Long-term biogeochemical monitoring in the Mediterranean shrubland of Ramat Hanadiv

Ecosystem functioning is comprised of processes, such as plant growth and organic matter decay, by which elements are transferred among different components of the system (organisms, soil). Through element cycling (the biogeochemical cycles) carbon and nutrients are absorbed by plants from the atmosphere and the soil, respectively, and are recycled through decomposition and mineralization processes in the soil. There is considerable knowledge on species composition in Mediterranean ecosystems, but we have a poor understanding about the biogeochemical cycles and their regulation by land management and climatic variables in these systems. The biogeochemical monitoring in Ramat Hanadiv aims at assessing the long-term changes in the status and function of the Mediterranean ecosystem. The monitoring activity is performed in the Phillyrea latifolia-dominated shrubland, and it evaluates the impact of land management by goat grazing and the regulation by climate and the main vegetation components on key processes in the cycling of elements. These processes include the nutrient status of the vegetation, plant litter production and its decomposition.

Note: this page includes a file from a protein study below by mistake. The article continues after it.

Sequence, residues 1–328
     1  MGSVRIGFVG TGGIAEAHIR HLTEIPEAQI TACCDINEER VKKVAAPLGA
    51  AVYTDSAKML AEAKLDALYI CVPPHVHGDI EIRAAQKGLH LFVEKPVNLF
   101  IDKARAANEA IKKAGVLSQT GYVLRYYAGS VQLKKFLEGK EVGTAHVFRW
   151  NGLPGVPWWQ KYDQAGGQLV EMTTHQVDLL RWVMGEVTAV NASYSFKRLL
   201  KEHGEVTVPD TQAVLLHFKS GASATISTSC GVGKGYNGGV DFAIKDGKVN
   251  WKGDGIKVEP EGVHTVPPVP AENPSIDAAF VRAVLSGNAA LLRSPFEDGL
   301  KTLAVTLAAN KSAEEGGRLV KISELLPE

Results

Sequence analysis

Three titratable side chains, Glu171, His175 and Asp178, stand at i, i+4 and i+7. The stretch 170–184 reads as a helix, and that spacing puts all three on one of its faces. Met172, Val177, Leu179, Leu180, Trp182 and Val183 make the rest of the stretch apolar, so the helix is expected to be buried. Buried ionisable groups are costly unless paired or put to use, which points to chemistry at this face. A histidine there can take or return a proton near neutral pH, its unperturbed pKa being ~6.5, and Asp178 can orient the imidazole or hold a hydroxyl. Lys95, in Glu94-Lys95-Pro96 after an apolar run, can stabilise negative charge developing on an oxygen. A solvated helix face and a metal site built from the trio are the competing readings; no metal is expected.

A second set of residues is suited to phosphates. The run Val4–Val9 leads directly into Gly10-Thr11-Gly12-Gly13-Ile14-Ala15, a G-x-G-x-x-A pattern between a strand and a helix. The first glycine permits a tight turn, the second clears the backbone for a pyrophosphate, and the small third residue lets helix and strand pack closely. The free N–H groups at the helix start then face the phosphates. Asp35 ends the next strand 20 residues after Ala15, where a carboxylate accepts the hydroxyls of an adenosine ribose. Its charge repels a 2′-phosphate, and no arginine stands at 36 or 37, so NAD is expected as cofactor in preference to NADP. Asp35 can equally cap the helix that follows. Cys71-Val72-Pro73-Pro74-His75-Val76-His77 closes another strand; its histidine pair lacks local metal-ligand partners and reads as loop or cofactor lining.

Yael Navon, Ramat Hanadiv Nature Park

Partner organizations:
Ramat Hanadiv Nature Park

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